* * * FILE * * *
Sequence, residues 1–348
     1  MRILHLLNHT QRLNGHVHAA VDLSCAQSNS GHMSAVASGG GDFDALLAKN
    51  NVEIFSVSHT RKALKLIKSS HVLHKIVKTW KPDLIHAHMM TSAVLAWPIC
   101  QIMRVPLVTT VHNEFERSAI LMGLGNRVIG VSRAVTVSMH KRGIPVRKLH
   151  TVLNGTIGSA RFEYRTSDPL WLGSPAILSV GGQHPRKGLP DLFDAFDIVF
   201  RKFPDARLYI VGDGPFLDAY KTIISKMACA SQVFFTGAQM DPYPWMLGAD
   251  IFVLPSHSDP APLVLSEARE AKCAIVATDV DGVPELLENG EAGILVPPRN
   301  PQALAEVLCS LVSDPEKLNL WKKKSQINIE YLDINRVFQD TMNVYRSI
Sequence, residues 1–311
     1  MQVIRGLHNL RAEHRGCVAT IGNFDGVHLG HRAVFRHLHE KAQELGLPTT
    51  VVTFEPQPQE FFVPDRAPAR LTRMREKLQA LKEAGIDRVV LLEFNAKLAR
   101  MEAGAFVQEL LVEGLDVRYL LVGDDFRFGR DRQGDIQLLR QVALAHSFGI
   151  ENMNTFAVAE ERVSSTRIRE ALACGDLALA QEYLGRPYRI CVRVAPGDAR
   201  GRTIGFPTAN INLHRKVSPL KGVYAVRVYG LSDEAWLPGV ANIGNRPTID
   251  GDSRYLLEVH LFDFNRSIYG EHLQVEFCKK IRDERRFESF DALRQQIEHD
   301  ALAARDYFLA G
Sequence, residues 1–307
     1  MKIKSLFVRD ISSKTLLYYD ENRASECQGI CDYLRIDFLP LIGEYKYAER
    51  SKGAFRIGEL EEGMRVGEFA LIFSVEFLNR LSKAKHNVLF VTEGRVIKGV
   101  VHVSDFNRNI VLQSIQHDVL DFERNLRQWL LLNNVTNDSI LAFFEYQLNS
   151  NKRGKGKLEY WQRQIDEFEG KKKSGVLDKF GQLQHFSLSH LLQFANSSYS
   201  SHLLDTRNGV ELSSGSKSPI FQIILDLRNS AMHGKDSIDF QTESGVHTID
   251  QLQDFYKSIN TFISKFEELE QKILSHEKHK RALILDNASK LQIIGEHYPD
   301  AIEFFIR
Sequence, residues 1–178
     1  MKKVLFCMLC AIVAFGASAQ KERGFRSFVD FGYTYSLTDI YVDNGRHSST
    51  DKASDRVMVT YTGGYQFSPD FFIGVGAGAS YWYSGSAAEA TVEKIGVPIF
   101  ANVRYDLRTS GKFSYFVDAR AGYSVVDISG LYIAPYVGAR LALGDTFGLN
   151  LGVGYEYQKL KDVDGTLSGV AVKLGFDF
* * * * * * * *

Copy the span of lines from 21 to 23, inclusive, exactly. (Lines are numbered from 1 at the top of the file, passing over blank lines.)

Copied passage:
   151  NKRGKGKLEY WQRQIDEFEG KKKSGVLDKF GQLQHFSLSH LLQFANSSYS
   201  SHLLDTRNGV ELSSGSKSPI FQIILDLRNS AMHGKDSIDF QTESGVHTID
   251  QLQDFYKSIN TFISKFEELE QKILSHEKHK RALILDNASK LQIIGEHYPD